In contrast, in the MDD group, US Caucasians showed higher scores than Koreans in 5 items: ‘I felt depressed’ (2.32 ± 1.02 vs. 1.62 ± 1.21, p < 0.001), ‘I felt everything I did was an effort’ (2.19 ± 1.15 vs. 1.67 ± 1.15, p = 0.001), ‘I enjoyed life’ (1.66 ± 1.25 vs. 1.16 ± 0.87, p = 0.001), ‘I felt sad’ (2.23 ± 1.07 vs. 1.32 ± 1.01, p < 0.001), and ‘I could not get going’ (1.94 ± 1.22 vs. 1.63 ± 1.18, p = 0.001). In the MDD group, Koreans showed higher scores than US Caucasians only in two items: ‘I felt I was just as good as other people’ (1.73 ± 1.15 vs. 1.01 ± 1.32, p < 0.001) and ‘People were unfriendly’ (1.28 ± 1.12 vs. 0.36 ± 0.84, p < 0.001).

To detect a DIF after controlling overall levels of depression, we assessed correlation coefficients of individual items of the CES-D with group membership (US Caucasian = 0, Korean = 1) after partialling out the effects of age, gender, education, and the total CES-D score. Significant positive coefficients were found in 6 items (0.32 for ‘I felt I was just as good as other people’, 0.13 for ‘I thought my life had been a failure’, 0.08 for ‘I felt fearful’, 0.17 for ‘I was happy’, 0.24 for ‘People were unfriendly’, 0.15 for ‘I enjoyed life’) and significant negative coefficients were found in 5 items (–0.09 for ‘I felt that I could not shake off the blues’, –0.20 for ‘I felt depressed’, –0.09 for ‘I felt everything I did was an effort’, –0.25 for ‘I felt sad’, and –0.09 for ‘I could not get going’) (fig. (fig.11).

Fig. 1
Comparison of response patterns to the CES-D items between US Caucasian elderly and Korean elderly. * p < 0.0025, by correlation tests partialling out the age, gender, education, and total CES-D score (US Caucasian was coded as 0 and Korean ...

Principal component analysis with varimax rotation was conducted separately for the Korean elderly and the US Caucasian elderly (table (table2).2). In the Korean elderly, two factors were extracted, accounting for a total of 54.66% of the variance. We named these factors ‘negative affect’ and ‘positive affect,’ since the second factor only included the three positive affect items in the Korean version of the CES-D (‘I felt I was just as good as other people’, ‘I was happy’, ‘I enjoyed life’). In the US Caucasian elderly, two factors were also extracted explaining 53.49% of the variance. We named these factors ‘depressed mood’ and ‘negative interpersonal perception’, since the second factor included the 4 items related to subjective appraisal of interpersonal situations or comparison with others (‘I felt I was just as good as other people’, ‘I thought my life had been a failure’, ‘People were unfriendly’, ‘I felt people dislike me’). The comparison of factor structures for the CES-D between the Korean and US Caucasian elderly provided congruent coefficients of 0.861 for the first factor and 0.377 for the second factor, indicating that factor solutions of the Korean and US Caucasian elderly were considered to be not well replicated in the CES-D.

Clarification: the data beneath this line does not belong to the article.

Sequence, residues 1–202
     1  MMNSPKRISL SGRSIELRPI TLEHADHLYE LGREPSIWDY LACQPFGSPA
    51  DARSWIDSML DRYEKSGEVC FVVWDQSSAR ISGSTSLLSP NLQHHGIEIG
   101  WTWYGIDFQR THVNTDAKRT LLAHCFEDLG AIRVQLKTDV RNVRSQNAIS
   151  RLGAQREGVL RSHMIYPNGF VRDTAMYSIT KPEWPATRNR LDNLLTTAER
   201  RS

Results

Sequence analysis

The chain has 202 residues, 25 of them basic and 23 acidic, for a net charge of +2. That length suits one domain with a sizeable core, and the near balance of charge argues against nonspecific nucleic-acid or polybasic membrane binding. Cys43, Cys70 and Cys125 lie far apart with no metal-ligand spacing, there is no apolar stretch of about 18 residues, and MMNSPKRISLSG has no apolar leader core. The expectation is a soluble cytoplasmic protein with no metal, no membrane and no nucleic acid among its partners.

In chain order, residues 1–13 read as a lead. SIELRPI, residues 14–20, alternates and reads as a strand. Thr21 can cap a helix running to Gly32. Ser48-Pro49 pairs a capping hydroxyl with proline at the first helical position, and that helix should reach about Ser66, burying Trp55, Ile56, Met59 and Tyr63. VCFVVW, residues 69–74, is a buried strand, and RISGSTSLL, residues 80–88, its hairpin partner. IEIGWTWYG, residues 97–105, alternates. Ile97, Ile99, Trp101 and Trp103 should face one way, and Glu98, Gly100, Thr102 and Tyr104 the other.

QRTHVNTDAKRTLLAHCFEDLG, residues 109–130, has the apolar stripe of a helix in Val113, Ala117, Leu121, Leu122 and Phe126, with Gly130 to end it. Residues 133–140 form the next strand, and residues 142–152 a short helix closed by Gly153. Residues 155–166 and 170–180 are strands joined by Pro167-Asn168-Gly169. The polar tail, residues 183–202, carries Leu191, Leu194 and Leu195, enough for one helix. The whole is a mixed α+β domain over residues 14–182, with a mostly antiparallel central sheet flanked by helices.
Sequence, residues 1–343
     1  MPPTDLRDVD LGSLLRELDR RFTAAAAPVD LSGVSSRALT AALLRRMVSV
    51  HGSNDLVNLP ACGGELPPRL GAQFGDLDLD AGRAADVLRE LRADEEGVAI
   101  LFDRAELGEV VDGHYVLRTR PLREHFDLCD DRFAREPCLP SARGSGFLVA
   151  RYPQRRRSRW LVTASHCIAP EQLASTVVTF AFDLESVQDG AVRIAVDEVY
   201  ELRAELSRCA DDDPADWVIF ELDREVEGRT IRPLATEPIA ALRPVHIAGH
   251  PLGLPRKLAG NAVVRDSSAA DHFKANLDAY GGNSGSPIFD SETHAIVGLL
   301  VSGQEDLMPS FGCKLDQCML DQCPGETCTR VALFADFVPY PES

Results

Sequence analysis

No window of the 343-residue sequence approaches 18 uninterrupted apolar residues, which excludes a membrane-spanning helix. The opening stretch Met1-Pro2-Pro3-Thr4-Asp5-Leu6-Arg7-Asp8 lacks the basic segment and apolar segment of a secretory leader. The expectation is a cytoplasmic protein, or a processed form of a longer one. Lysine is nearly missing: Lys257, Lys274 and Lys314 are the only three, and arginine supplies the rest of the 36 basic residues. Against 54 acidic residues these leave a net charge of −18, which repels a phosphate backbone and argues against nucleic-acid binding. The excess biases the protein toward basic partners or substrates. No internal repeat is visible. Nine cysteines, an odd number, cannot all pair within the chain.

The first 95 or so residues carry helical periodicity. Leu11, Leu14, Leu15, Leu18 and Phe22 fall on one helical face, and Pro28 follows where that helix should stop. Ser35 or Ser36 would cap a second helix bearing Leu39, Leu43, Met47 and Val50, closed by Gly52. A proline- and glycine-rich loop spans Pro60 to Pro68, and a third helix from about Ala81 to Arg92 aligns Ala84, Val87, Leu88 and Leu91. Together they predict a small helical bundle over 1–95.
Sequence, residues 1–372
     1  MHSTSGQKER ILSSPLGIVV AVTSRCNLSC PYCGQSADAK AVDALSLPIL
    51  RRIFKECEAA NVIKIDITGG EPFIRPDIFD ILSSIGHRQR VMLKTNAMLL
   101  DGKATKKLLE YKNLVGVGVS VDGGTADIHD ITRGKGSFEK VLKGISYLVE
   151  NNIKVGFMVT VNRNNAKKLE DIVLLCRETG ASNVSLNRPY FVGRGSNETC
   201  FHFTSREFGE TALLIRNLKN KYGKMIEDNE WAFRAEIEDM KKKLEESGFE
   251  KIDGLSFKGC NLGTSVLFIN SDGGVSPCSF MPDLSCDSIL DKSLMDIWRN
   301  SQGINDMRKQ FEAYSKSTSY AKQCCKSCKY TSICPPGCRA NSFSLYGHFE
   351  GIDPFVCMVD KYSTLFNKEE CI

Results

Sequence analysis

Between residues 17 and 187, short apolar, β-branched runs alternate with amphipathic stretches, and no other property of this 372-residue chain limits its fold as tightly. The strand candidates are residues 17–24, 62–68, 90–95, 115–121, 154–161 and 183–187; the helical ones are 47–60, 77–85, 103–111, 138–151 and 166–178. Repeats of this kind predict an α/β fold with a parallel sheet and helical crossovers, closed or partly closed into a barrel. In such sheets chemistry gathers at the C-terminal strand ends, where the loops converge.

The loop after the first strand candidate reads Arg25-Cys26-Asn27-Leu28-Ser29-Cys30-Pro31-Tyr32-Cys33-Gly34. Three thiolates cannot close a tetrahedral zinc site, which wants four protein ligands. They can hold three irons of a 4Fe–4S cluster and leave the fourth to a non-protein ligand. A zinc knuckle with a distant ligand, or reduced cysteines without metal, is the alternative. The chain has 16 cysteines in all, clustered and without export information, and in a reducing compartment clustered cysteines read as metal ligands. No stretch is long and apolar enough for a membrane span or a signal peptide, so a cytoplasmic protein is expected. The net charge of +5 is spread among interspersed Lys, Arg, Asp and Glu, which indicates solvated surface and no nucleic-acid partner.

Table 2
Comparison of the factor structures of the CES-D between US Caucasians and Koreans

As shown in figure figure2,2, the CES-D was found to be useful for detecting MDD in both US Caucasians and Koreans since the AUCs were larger than 0.8 and the 95% CIs of the AUCs did not incorporate 0.5. However, the AUC of the CES-D for MDD in Koreans was significantly smaller than that in US Caucasians (AUC = 0.850, 95% CI = 0.801–0.899 in Koreans; AUC = 0.973, 95% CI = 0.960–0.987 in Caucasians, z = –4.738, p < 0.001), indicating that the diagnostic accuracy of the CES-D may be significantly lower in Koreans compared with US Caucasians. The optimal cutoff score of the CES-D in the Korean elderly was determined as 21/22 (sensitivity = 0.784, specificity = 0.881), which was almost 2 times higher than that in the US Caucasian elderly (cutoff score = 10/11, sensitivity = 0.925, specificity = 0.976).

Fig. 2
Receiver operator curve analyses of the CES-D for MDD in US Caucasian (a) and Korean (b) elderly. The AUC was significantly larger in US Caucasians than in Koreans (p < 0.001). SE = Standard error of AUC.

Discussion

In the present study, we demonstrated differences in response to the CES-D between Koreans and US Caucasians for both depressed and nondepressed groups. Principal component analysis revealed clinically meaningful factors among groups. Finally, sensitivity analyses showed clear differences between the two ethnic groups, leading to markedly different optimal cutoff scores for the CES-D as a screen for MDD. These findings suggest that ethnocultural factors influence manifestation of depressive symptoms and thus the responses to depression questionnaires. Although factor analysis yielded two factors for both the Korean and US Caucasian samples, the factor solutions from both ethnic groups were not comparable since the congruence coefficient for the second factor was below 0.46 and that for the first factor did not reach 0.90.